Keypad/combination locks

A keypad/combination lock model requires a PIN to unlock the door. They are very easy to install and maintain, and you can assign different codes to different users. You can change the PIN at any time, allowing you to easily manage access to your building.

Some models have protective mechanisms such as keypads that shut down after an incorrect code has been entered three times. Most newer models have a touch screen, but some have physical buttons. There are also combination keypad locks, which use a PIN in conjunction with another type of lock, such as deadbolts or handles.

Keyless/wireless smart locks

Keyless and wireless smart locks are popular options, too. They allow you to connect to your locks over a Wi-Fi connection so you can control your locks from anywhere in the world via a mobile app or remote. However, unless you purchase your locks as part of a smart home package, they may not come with a dedicated mobile app.

Many smart locks offer Bluetooth capability, which can automatically unlock your doors once you get within a certain distance. You may also be able to use your phone or a key fob and tap the sensor to unlock the door.

Key fobs/cards

Key fobs or keycards are a way to unlock your Bluetooth or radio frequency identification (RFID)-enabled smart lock. You simply tap the fob or card against the lock sensor to disarm it. Key fobs and cards can be programmed to unlock multiple locks, so, for example, your one key fob can let you into the front, side, and doors of your building.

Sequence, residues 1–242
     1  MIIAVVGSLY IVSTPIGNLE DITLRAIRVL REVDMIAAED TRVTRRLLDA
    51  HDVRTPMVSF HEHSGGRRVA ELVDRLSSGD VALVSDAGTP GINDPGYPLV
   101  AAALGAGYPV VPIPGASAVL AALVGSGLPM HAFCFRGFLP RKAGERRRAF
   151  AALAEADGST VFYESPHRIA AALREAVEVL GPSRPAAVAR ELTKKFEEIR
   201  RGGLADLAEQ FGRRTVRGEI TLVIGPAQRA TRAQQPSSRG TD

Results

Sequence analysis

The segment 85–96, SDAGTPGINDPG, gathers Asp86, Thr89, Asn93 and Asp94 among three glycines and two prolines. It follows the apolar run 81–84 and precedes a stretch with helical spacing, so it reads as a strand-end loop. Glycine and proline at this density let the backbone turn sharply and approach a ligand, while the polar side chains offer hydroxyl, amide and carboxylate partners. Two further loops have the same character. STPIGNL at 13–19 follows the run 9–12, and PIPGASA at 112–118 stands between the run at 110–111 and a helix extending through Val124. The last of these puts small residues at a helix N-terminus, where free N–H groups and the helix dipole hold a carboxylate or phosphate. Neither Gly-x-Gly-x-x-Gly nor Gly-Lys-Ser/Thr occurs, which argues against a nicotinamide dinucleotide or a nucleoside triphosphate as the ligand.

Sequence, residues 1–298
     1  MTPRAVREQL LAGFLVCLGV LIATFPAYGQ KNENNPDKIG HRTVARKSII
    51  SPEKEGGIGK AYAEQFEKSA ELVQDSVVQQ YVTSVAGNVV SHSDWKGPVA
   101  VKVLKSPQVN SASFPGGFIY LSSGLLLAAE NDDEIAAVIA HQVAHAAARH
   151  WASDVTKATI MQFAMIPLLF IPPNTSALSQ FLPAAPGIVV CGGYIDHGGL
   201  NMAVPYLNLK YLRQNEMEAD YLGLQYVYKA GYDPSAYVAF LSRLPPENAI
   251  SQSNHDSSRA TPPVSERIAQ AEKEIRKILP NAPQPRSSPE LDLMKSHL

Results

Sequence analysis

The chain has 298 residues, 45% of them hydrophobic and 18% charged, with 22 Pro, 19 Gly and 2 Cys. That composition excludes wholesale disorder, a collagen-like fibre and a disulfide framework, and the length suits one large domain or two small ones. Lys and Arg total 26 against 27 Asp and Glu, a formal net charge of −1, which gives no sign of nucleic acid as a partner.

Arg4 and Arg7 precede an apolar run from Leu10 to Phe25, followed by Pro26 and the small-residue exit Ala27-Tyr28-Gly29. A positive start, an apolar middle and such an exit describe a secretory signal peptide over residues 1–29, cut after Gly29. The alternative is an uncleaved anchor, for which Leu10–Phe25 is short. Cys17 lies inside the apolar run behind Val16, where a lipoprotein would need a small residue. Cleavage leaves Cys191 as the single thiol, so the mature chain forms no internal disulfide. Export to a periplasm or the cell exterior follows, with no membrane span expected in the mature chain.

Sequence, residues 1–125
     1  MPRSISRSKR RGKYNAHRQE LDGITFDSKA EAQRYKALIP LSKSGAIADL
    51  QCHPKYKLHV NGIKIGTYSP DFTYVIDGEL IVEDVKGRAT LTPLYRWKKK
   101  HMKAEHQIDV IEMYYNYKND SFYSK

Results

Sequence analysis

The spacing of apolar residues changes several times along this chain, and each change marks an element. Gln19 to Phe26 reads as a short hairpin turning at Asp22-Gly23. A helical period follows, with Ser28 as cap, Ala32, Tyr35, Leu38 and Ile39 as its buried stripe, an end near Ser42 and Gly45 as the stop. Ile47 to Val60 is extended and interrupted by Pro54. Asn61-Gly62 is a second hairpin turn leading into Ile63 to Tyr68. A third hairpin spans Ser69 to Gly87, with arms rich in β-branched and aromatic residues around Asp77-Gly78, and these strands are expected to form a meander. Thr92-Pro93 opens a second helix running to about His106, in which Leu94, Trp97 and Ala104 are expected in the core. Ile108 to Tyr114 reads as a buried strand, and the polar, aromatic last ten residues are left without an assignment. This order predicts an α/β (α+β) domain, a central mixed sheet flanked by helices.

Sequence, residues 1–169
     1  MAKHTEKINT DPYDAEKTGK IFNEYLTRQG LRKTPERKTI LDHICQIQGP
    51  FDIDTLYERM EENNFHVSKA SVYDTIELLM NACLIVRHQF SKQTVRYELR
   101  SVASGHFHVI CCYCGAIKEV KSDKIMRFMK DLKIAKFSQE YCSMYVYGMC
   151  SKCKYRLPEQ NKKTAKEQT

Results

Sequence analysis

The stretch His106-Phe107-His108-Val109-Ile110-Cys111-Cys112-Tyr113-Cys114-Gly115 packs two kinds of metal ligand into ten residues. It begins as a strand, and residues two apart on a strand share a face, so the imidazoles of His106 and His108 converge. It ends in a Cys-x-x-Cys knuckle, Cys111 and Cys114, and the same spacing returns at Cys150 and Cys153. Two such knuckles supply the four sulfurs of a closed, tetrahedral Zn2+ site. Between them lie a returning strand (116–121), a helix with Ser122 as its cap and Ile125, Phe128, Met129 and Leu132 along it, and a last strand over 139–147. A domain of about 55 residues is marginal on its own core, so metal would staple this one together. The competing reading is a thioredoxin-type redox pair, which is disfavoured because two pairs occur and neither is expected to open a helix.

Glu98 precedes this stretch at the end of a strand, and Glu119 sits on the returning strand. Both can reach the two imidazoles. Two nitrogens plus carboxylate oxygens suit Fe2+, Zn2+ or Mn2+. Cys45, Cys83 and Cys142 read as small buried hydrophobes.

Biometric locks

Biometric locks are a popular, up-and-coming electronic door lock option. You can unlock a door by having your fingerprint or (less commonly) your eye scanned. This is a very secure option, since fingerprints are all unique and are very difficult to forge. It's also a convenient option for individuals who don't have to carry a key fob with them, which means they always have access.

Biometric door locks work by scanning a fingerprint and converting it into a numerical template, which then tells the system to unlock the door. Because this system is so dependent on connectivity, look for a model with a backup option like a keypad or mechanical lock so you can still gain entry if your fingerprint cannot be scanned.

Many models have a limit of 100 fingerprints that can be stored, so if your company is larger, a biometric lock may not be the best option for you.

Key takeaway: Keyless door locks are available in fob or keycard forms, keypads with PIN access, wireless "smart locks," and biometrics that use a fingerprint or retinal scan to open the door.

How to choose an electronic keyless door lock

When choosing a keyless lock, the first thing to determine is which type of lock suits your business best. A keypad lock often works well if you don't want to give people physical keys, fobs or access cards.

You must consider how many codes you will need; many models are limited by the number of codes they can support. You also need to decide if you need a dedicated mobile app that allows you to lock or unlock your doors, receive mobile alerts, or control your locks remotely.

The next step is to determine which features are must-haves and which features you can do without. Last, what type of credentials do you want – key fobs, a smartphone app, keycards or something else?

Low-battery indicator

No matter which type of keyless door lock you choose, look for one that has a low-battery indicator that alerts you when the battery needs to be replaced. Some models have an indicator light that appears, whereas with other locks, it might have a slower response time or require multiple attempts to open the door. This is an important feature because it will help you avoid being locked out due to a dead battery.